Satellite technology is not just being used to monitor and predict climate change events. Its applications are now also accurately estimating crop-growing seasons. Jadu dash, a professor of remote sensing at the University of Southampton in the UK, has been monitoring and measuring the resilience of communities and agriculture systems in Punjab, Haryana and Odisha who are battling the impacts of climate change and natural disasters. He speaks to Shreeshan Venkatesh about the new applications of satellite technology
How useful is remote sensing in climate change adaptation?
Satellite imagery and remote sensing are great tools for tracking changes over time. They have a very well-known application in climate modelling, but what I do is slightly different. We use remote sensing data to assess an ecosystem’s response to climate change and their impacts. We do this by tracking changes in vegetation growth and, in turn, the carbon cycle. Changes in climate impact vegetation as it alters or disturbs the growing season for plants, creating an imbalance in the normal carbon cycle that we assume to be true. Remote sensing data is being used to monitor the growing season with precision. With the advancement in satellite products, we are getting up to near daily data, which will enable us to pinpoint exactly when the growing season will start and end. This data is then used as a starting point to infer the specifics of a vegetation growth cycle and productivity.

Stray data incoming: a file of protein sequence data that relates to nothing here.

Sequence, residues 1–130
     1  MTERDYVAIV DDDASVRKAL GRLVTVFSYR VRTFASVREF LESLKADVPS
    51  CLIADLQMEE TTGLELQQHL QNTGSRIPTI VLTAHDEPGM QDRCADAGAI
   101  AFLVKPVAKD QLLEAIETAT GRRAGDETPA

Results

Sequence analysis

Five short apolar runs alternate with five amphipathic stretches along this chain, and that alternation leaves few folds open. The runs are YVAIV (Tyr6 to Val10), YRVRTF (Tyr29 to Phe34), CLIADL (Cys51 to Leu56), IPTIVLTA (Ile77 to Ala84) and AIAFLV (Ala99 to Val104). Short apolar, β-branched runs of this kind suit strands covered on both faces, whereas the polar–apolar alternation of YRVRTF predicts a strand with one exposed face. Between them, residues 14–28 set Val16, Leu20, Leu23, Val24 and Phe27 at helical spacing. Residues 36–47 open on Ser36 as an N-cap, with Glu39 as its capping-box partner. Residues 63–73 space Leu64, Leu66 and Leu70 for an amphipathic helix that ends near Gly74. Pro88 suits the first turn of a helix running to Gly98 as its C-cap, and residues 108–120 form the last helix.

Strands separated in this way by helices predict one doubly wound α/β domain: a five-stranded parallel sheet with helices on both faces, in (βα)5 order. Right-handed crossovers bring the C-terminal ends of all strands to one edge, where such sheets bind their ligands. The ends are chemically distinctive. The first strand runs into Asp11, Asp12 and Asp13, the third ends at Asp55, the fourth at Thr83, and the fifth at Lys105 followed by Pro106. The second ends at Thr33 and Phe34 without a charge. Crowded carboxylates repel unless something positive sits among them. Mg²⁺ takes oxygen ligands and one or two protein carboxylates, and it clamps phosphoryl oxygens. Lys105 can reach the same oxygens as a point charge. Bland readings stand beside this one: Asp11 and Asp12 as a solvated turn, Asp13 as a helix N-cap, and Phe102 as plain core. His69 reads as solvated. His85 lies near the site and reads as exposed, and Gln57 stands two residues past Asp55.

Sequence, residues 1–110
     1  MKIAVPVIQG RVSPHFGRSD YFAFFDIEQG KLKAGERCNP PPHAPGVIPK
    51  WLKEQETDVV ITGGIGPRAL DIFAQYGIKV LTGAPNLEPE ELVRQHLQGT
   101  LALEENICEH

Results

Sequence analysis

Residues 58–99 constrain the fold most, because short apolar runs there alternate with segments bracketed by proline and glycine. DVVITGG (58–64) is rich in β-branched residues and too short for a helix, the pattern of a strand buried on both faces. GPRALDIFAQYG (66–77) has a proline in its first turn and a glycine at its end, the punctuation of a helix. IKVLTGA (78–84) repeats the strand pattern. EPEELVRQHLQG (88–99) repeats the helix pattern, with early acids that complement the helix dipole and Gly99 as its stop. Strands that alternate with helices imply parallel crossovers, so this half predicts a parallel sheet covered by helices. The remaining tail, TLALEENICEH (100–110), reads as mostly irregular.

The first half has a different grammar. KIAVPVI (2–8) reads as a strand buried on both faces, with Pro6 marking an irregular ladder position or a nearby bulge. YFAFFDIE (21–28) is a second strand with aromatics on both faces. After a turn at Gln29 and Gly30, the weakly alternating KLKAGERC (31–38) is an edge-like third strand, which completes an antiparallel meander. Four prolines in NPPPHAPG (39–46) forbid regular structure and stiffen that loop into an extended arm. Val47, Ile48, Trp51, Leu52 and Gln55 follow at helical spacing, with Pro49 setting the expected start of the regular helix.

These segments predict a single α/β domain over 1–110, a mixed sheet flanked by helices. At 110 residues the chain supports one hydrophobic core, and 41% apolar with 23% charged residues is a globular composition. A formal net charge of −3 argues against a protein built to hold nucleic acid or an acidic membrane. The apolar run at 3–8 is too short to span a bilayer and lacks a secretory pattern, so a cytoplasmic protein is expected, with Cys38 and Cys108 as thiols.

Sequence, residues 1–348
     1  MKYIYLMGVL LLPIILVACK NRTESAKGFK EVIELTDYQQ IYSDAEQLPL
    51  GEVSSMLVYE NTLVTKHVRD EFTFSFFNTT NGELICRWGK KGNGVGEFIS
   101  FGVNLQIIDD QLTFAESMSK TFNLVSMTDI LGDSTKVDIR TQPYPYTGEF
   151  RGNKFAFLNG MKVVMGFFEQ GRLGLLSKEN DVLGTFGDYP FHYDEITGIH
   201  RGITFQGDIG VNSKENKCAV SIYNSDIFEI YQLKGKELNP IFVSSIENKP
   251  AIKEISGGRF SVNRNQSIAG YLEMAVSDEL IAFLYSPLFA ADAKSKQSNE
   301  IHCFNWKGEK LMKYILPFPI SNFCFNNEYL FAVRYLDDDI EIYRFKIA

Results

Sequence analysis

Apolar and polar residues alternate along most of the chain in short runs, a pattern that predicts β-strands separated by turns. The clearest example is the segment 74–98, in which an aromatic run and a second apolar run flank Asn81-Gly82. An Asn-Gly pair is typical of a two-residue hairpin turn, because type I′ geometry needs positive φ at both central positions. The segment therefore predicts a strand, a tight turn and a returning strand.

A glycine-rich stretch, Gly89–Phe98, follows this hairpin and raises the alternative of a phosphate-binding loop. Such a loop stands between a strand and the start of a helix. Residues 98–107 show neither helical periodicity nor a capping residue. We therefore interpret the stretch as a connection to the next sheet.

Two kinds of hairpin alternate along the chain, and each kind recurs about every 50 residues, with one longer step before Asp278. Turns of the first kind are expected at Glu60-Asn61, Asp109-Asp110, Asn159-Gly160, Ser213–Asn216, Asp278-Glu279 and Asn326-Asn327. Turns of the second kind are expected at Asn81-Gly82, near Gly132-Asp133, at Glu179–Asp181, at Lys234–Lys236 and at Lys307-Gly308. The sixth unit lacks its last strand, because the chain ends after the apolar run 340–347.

For instance, a few years ago, we did a study in Punjab and Haryana, one of the highest crop producing areas in India, to assess the impact of climate change on crop production. We found that the maximum crop growth stage was coinciding with peak spring temperatures that lasted for 10-15 days, the period when the grains get formed. But when the temperature rose, it had a negative impact on the development of grains and the overall yield. One of the solutions for this is moving the sowing season a little earlier, which would help in avoiding the “spring stress”.
What can remote sensing tell us about the impacts of climate change and how they can be tackled specifically?
We use satellite images every three to five days, and use the data series for one year, which gives us an idea of the peak growing season. If the length of growing season shifts each year, we analyse the underlying climatic conditions using data from the met office, or sometimes, using the land surface temperature from satellite observations. The idea is to draw a correlation between the period of temperature increase and the overall yield of the crop. In Punjab and Haryana, we used data for 15 years. While this is not enough to draw a solid indisputable conclusion, it is still enough to capture the trend and anomalies in the growing season and link them back to the climatic drivers. We could even come up with a statistical model where one can predict the yield for the next year across the country, using data on temperature, rainfall and vegetation growth parameters derived from satellites.
What can we learn about carbon sequestration through remote sensing?